The Harbinger Consultancy

Tell the Economic Story of Your Conserved Lands and Trails Without Hiring an Economist

Virtual Training

Multi-day Course Project Preparation Program Administration and Leadership

Understanding the range of economic benefits from your land conservation and trails program can help you coalesce support among local and state officials, expand your circle of allies and partners to include economic developers and the local business community, and build public support. Learn to research, analyze and communicate a range of economic and community benefits associated with your programs, trails and conserved lands.

Economic impact is an important selling point for funding private land conservation and trails. Reliable economic figures can help coalesce support among local and state officials, who are often gatekeepers to funding for easements and acquisition, maintenance, construction, and expansion. Understanding the range of economic benefits from your land conservation and trails program can also help you expand your circle of allies and partners to include economic developers and the local business community. And it can help build public support.

A tremendous body of studies has substantiated the economic value of trails, trail networks, and conserved wild and working landscapes. These can be useful in helping you make your case, but it’s even more compelling to speak directly about the benefits of your program, your locally conserved lands, your trails.

You don’t need to hire an economist and wade through piles of complex data to understand the economic benefits of your programs. This course will help you learn to paint a broad, research and data-based picture of the economic effects of your trail system or conserved lands—or project the benefits of a proposed trail or conservation program. You will also learn how to tell that story to support advocacy, fundraising, conservation-based economic development, and stronger community relationships. You will learn and adapt a proven approach that engages community resources without hiring an economist, consultant or communications shop.

In this course, you will:

Adapt Harbinger’s “engaged analysis” approach to outline an economic study for your conserved lands, trails and networks.

Identify goals and match up data sources, research methods and resources for conducting your study.

Learn how to assess and describe a wide range of economic and community benefits, and how to create simple, realistic ballpark economic estimates and projections.

Learn when, whether and how to update old economic studies.

Learn the basics of interpreting findings and presenting data to different audiences.

There is no specific requirement for work outside of the sessions. This course will equip you to apply these analytic and communications approaches yourself, and it’s designed so you can work with the information at your own pace (during the course and/or later). While there is no required homework, plan to spend about an hour a week between sessions thinking about how the concepts and tools could be applied to your program or landscape. This make it easier to dive in at more depth later.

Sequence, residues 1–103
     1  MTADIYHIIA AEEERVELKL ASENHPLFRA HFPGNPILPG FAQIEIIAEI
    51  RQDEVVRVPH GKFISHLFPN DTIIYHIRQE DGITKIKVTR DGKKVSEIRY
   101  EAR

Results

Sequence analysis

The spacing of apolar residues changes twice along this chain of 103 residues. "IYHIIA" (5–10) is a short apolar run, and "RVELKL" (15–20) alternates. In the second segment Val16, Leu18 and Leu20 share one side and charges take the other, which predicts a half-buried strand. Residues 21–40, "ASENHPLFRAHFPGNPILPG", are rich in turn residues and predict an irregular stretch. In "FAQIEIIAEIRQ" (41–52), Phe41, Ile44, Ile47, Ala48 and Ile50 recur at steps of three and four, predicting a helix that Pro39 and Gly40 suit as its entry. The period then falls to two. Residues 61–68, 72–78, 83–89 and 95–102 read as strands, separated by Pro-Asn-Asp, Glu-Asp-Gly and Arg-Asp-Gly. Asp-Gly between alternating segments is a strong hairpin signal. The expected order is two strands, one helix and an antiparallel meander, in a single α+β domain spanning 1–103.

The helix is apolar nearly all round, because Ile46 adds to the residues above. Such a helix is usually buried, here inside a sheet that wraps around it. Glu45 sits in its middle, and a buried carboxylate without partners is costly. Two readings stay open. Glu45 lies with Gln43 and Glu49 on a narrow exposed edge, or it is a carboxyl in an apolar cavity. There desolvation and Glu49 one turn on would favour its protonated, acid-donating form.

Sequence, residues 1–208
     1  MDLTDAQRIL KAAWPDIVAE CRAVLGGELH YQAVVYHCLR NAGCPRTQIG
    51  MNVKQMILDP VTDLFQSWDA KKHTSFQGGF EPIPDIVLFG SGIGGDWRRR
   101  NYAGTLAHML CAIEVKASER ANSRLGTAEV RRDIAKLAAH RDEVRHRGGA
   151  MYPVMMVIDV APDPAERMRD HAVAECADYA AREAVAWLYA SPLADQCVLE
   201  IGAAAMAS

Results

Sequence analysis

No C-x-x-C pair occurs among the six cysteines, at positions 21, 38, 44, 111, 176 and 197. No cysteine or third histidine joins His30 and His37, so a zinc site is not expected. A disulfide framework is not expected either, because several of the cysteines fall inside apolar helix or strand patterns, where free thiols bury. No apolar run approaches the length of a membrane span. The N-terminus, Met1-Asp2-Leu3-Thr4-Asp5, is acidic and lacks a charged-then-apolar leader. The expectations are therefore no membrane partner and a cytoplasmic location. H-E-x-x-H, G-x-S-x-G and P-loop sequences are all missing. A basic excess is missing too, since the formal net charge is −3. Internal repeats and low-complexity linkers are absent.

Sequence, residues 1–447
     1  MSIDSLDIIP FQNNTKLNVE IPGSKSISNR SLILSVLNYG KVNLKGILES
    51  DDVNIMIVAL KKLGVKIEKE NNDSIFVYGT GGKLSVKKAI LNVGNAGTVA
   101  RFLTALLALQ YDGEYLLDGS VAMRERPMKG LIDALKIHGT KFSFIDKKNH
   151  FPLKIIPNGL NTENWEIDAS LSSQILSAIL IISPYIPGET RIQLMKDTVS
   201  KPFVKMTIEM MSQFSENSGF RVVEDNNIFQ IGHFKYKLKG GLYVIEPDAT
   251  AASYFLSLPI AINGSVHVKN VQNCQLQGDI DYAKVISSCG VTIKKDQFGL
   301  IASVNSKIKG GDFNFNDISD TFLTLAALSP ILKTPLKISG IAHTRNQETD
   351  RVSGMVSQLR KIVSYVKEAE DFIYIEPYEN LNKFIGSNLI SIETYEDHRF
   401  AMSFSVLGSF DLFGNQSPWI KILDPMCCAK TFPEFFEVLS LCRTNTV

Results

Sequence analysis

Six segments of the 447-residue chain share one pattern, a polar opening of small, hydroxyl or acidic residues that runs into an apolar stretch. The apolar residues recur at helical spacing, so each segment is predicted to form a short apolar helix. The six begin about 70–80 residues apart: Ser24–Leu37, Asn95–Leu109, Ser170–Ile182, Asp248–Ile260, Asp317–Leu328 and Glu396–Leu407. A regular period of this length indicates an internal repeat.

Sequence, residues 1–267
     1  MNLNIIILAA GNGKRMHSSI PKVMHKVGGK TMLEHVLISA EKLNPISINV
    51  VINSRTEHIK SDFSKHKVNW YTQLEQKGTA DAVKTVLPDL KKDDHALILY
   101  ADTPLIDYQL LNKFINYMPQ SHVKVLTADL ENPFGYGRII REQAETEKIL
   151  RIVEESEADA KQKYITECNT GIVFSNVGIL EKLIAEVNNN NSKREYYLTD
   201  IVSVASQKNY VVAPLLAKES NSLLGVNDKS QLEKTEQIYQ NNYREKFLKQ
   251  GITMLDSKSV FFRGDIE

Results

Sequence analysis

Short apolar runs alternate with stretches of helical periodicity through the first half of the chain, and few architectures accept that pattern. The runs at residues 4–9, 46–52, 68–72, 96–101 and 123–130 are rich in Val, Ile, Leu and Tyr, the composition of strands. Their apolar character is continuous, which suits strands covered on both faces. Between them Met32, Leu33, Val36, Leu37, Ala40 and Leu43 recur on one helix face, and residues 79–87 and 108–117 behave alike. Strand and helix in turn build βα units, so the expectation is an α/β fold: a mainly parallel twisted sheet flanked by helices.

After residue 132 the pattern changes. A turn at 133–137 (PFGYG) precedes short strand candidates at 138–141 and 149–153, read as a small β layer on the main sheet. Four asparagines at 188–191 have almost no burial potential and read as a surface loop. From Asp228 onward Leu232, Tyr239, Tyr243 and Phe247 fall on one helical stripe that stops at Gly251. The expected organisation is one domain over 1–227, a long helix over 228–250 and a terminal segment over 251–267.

To fast-track the outcomes, you can invest several hours a week as the course progresses and end the course with a good collection of program-specific analysis and findings. Then, take advantage of the included coaching call to fine-tune.

Conservation land trusts • Trail advocates and friends groups • Recreation and open space program managers • Chambers of Commerce & business alliances • Community & economic development staff • Place-based & conservation organizations • Extension & community development professionals • High school and college students • Downtown & Main Street groups • Business owners & other community leaders

Michele Archie, Harbinger principal and lead for collaborative regional economic analyses, economic impact projections, visitor and resident surveys, outdoor recreation assessments, and peer area reviews. Michele has led more than three dozen such studies for national and state parks, World Heritage Sites, trails and other recreational and protected areas across the United States. See Michele's LinkedIn profile.

Five weekly 1-hour sessions

Spring 2024 - Thursdays, April 18-May 16, 2024 • 10-11 PT/1-2 ET

Fall 2024 - Wednesdays, Sept. 18-Oct. 16, 2024 • 10-11 PT/1-2 ET

Sessions available for replay in case you need to miss a session or want to review.

Includes a post-course one-on-one or team consultation session to address your particular situation and needs.

$525 regular course fee • $425 early registration discount through March 15, 2024

Discounts for two or more participants from the same organization or community: $425/person • $375 early registration discount

Contact us for special rates for groups of five or more. We often work with cohorts in our courses, and can create a custom package including group meetings and coaching during and/or after the course.

Learn more, including a session-by-session overview, at the training website linked here.


This is a virtual training. See the event website for more details.

Trail Core Competencies

Upcoming Event

Training Dates

Starts September 18, 2024
10:00 AM
Ends October 16
11:00 AM

This event takes place in Pacific Daylight Time.

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01:00 PM Eastern Daylight Time
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07:00 AM Hawaii Standard Time


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